A dinner party that morphs into a spouse-swapping swingers’ bash may well be the hook that has attracted audiences to Jeff Gould’s It’s Just Sex – A Comedy About Lust & Trust since its World Premiere at the Whitefire back in 2002, but it’s the playwright’s perceptiveness about male-female relationships, the depth he gives his characters, and the unexpected life changes each couple ends up undergoing that has turned It’s Just Sex into L.A.’s longest-running comedy (factoring in its later runs at the Zephyr and the Two Roads), sent it off-Broadway in 2013, and have now brought it back to NoHo’s Secret Rose Theatre with an upcoming Las Vegas run likely in the cards.
Gould’s comedy opens quite literally with a bang, since when we first meet Husband Number One (John Colella as Phil), he’s in his living room banging Amanda The Hooker (Claudia Graf) with so much explosive force, he doesn’t even notice when wife Joan (Reamy Hall) shows up earlier than anticipated, the better to prepare for the get-together they’re throwing for their four best married friends.
It’s indicative of Phil and Joan’s problematic marriage that once Amanda has hit the road, cash firmly in hand, Joan sets about cleaning up the place for their imminent shindig-for-six rather than rage at her husband’s infidelity as most other wives would do.
Meanwhile over at the abode of Couple Number Two, Carl (Vincent Spano) and Kelly (Betsy Russell) are still so hot for each other after umpteen years of marriage that they end up postponing their departure for Phil and Joan’s a tad, no matter that everyone knows that “being fashionably late means you were screwing before you got there.”
The equally long-married Greg (Andy Hirsch) and Lisa (Stephanie Fredricks) show up late too, though in their case it might simply be due to the couple’s not having taken the fastest route, the age-old L.A. debate between stop sign-infested surface streets or a traffic-jammed freeway. It’s certainly not due to any pre-party shenanigans, unless you count Greg’s flaccid, failed attempt to pleasure his unsatisfied wife.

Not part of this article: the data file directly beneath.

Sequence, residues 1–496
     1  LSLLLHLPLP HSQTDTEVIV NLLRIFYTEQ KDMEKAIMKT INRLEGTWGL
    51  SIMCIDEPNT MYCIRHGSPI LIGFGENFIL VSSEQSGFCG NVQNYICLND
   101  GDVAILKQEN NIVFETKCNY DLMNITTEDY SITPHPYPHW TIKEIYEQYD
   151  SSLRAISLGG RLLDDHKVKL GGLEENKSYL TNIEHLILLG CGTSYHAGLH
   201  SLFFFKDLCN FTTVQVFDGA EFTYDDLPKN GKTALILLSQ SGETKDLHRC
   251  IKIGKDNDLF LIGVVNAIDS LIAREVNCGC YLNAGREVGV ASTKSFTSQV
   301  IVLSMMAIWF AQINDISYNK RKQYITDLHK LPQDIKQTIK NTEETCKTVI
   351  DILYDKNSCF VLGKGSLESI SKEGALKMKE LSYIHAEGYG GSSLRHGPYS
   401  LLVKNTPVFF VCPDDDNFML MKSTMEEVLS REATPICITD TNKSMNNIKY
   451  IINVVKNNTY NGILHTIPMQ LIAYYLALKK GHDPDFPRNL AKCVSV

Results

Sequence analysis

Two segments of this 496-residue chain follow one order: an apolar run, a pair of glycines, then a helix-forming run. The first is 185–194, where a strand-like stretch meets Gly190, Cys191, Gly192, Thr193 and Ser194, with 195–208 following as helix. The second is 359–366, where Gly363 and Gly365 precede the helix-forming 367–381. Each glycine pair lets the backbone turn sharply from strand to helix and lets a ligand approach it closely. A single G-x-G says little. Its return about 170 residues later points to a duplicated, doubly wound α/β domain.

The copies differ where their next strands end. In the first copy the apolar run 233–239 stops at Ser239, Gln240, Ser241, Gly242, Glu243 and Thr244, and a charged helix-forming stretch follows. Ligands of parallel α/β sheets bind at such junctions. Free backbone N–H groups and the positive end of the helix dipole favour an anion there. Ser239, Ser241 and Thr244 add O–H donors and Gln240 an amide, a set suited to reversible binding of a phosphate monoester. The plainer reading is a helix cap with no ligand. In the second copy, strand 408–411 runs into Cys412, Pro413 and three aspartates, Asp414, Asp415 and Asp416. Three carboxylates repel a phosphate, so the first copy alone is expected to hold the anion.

Carl and Kelly and Greg and Lisa do eventually all find themselves drinks in hand under Phil and Joan’s roof, and once a considerable number of alcoholic libations have been imbibed, the couples decide at Joan’s suggestion to play some drinking games, the better to discover just whose secrets are the deepest and darkest.
One bit of truth-telling leads to another, and before long a proposition has been made. What if the sextet were to split up into unmarried pairs for a trio of sextête-à-têtes?
Let the games begin!
Titillating as this set-up may be, it’s what happens post-coitus that transforms It’s Just Sex into something a good deal more meaty than the hors-d’oeuvres served up so far, the couples’ adulterous shenanigans (which we get to spy on, if only in silhouette) eventually revealing one marriage’s strengths, another’s possibly terminal failings, and in the case of the third, a love the long-marrieds might have thought died years ago.